4. It's funny, when we moved here to Costa Rica as new missionaries with our first baby only 3 months old, I had more opinions about schooling than I do now. =) And, we are basically doing the one option I did not think we would do. I was sure that we would start with our kids in local public schools to learn Spanish and would then either find a Christian school to put them in or homeschool them, but specifically did not want to send our kids to the school they go to now! They go to the one private, bilingual (English and Spanish) school in town. It has been a really good experience for us, and our older child has become fairly proficient in Spanish from going there for two years of preschool and now kindergarten. Our friends tell us that he sounds not only like a native Costa Rican, but like someone from our small town here! We have seen other missionary families have both good and bad experiences with all of the options, and I've learned that it is just going to look different for each family and even for each child within a family. So, we are just seeking to find what works best for us each year. I think I've posted this before, but I explain a little about all of my emotions behind our schooling decisions in this post on our blog: http://www.ps67.blogspot.com/2014/06/first-day-of-school-lessons-learned.html. It's helpful to hear other's experience through this blog. Thanks for sharing, ladies!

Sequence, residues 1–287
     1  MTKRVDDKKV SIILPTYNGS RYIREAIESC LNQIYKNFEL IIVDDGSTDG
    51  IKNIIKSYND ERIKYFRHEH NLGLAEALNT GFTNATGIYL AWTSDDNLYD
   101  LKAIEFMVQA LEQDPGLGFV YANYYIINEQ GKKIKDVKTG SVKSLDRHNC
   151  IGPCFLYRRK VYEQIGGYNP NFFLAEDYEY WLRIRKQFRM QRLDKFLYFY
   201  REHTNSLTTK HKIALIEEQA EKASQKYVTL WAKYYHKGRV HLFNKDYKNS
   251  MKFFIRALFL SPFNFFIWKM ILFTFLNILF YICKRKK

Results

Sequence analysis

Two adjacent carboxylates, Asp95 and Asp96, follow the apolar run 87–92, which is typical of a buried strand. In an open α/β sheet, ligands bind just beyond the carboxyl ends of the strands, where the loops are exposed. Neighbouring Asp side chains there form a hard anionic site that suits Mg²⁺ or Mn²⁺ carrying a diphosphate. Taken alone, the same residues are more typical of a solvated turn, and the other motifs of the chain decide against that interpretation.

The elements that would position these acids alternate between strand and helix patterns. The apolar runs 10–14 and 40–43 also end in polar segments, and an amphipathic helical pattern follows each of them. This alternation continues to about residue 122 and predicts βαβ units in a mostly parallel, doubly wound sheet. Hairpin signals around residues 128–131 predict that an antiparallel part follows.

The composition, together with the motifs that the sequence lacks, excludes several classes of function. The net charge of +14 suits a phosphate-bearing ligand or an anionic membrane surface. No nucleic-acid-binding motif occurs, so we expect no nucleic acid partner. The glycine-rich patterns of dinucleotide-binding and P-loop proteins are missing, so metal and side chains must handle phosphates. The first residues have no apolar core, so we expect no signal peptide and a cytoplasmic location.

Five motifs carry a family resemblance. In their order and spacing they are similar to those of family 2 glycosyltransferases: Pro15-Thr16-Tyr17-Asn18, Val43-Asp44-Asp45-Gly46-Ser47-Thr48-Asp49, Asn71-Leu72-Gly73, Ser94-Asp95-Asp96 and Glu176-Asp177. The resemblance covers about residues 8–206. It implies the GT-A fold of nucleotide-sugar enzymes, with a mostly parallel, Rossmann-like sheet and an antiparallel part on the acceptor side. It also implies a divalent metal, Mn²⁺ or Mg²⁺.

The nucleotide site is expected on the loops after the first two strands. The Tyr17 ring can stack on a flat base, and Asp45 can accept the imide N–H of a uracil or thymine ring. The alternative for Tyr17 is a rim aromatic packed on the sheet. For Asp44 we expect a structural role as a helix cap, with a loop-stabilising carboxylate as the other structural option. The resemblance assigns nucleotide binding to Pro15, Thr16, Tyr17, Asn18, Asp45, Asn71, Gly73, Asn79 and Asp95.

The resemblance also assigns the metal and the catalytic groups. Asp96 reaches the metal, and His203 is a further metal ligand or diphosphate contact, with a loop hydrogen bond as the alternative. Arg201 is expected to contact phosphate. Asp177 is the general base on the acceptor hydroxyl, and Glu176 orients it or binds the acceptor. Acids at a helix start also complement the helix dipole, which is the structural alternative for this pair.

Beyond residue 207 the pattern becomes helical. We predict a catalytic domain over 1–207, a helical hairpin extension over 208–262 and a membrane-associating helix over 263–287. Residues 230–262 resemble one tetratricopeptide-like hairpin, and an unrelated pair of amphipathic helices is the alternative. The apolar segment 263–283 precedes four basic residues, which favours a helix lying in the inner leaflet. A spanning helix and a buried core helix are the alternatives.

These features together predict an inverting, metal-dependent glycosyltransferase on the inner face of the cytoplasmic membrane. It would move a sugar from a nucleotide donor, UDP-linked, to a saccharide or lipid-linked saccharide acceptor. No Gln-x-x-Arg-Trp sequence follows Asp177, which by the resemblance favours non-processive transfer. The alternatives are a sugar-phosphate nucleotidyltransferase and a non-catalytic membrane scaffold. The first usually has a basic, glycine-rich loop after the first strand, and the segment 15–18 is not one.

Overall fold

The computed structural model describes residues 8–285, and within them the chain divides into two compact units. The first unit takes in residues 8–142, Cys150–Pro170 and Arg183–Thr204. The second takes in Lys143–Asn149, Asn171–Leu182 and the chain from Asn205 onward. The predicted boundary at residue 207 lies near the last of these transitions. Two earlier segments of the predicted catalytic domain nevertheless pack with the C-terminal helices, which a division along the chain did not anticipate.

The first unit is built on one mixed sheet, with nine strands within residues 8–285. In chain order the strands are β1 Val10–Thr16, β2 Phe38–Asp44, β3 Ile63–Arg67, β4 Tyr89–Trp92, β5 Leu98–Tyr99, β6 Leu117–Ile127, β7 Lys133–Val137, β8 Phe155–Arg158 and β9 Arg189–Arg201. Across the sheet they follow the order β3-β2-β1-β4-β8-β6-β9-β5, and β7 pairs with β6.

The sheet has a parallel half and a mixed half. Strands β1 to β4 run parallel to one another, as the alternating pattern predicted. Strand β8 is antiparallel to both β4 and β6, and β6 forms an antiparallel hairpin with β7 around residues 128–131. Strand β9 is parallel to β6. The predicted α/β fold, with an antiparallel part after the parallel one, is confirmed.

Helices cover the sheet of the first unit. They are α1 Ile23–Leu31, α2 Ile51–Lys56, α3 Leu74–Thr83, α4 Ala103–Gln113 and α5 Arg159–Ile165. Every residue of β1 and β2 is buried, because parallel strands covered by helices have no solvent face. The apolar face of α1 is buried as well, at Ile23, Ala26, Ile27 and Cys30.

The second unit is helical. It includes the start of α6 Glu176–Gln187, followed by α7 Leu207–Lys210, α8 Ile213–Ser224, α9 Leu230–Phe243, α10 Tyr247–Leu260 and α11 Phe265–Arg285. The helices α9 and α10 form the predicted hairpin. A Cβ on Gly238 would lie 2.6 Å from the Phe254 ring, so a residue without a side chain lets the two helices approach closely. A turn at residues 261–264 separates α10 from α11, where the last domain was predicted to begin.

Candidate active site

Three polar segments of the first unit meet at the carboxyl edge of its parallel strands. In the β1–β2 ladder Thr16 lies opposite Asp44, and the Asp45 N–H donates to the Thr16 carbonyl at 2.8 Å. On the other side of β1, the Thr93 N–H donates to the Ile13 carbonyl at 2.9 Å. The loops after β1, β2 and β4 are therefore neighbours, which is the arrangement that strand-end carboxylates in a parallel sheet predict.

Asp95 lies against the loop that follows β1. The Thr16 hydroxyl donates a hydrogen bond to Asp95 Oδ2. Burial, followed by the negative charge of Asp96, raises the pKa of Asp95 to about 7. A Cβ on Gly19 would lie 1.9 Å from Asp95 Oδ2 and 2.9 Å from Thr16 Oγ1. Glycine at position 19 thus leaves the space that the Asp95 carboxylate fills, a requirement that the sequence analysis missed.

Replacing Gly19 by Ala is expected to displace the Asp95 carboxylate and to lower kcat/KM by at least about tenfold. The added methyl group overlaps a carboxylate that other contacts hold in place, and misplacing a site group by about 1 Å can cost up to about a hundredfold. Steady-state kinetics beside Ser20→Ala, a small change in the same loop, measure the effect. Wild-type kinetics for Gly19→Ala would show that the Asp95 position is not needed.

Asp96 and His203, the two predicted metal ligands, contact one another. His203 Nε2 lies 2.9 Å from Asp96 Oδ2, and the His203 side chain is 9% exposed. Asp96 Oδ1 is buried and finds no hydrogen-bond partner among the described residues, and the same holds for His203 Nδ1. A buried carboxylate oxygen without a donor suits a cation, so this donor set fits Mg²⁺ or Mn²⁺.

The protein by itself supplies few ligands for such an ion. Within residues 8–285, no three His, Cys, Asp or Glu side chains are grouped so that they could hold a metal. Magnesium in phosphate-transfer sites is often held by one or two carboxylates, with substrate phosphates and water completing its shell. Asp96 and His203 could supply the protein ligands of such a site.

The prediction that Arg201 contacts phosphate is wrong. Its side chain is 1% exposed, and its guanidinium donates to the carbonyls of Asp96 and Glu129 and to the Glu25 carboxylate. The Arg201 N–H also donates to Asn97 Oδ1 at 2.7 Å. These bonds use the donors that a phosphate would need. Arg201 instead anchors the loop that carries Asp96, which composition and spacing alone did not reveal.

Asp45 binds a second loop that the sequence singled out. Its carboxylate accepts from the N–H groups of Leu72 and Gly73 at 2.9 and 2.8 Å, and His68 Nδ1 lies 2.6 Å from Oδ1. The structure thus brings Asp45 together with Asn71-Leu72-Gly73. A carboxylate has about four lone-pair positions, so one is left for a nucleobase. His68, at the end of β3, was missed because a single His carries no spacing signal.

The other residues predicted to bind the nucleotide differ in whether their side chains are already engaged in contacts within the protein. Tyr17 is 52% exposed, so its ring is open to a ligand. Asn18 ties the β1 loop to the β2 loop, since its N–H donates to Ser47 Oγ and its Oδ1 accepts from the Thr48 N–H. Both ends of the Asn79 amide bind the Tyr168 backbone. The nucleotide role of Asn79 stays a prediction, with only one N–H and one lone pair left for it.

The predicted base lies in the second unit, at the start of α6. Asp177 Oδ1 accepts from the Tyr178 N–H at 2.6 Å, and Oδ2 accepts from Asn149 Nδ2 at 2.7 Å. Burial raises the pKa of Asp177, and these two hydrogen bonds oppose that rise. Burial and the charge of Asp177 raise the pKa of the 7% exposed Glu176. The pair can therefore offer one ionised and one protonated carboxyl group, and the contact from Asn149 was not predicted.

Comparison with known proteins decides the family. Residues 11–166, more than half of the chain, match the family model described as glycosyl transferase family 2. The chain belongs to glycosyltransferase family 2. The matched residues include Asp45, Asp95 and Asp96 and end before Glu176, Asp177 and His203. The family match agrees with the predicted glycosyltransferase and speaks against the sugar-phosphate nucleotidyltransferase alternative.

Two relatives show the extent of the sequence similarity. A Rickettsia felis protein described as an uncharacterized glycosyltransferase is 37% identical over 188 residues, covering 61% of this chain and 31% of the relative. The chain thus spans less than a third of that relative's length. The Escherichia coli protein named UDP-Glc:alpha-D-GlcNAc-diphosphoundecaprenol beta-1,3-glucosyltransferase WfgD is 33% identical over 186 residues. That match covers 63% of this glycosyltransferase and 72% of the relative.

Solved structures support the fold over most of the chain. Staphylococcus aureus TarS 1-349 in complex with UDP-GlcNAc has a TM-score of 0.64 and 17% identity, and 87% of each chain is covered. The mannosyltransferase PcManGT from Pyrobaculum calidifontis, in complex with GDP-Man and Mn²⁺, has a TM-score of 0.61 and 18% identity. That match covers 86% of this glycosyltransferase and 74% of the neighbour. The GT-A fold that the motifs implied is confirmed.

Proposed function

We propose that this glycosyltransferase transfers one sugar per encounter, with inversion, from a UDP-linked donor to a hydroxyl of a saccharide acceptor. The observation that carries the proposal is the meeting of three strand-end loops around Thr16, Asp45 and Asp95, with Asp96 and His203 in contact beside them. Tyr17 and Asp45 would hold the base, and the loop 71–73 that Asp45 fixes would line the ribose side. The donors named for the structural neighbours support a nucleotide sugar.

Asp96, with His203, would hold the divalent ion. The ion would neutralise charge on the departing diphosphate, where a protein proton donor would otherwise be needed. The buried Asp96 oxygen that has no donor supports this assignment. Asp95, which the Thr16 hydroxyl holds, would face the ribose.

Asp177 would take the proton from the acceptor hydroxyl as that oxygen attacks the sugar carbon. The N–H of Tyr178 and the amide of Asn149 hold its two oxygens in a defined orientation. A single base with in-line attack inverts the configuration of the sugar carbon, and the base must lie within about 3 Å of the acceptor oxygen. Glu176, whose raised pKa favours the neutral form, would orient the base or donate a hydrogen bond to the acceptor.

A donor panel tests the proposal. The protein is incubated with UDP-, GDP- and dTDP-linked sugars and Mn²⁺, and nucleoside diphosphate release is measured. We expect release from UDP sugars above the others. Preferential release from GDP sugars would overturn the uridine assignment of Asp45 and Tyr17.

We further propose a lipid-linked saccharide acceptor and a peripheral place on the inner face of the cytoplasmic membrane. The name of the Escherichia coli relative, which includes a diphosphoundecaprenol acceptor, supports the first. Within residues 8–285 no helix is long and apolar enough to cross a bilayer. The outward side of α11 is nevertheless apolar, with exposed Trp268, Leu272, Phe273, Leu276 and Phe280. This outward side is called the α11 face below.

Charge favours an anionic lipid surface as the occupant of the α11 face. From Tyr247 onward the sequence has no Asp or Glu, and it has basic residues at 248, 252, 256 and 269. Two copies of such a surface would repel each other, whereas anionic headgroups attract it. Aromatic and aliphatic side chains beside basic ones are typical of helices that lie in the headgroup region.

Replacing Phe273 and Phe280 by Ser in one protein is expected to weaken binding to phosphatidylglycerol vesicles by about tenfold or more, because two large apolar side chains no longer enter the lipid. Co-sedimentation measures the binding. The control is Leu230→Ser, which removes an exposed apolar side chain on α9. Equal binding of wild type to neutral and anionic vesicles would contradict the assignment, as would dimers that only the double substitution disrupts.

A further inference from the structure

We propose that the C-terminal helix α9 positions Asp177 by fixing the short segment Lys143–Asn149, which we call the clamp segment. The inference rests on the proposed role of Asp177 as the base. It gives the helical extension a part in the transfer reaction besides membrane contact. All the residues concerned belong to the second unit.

5. I'm marvelling at the diversity and wisdom here. God gives each family exactly what they need. I'm enjoying hearing how He's leading everyone.

    So far, schooling has been a pretty simple decision for us. We homeschool in the mornings and tap into other resources for extras in the afternoons. We're all loving it!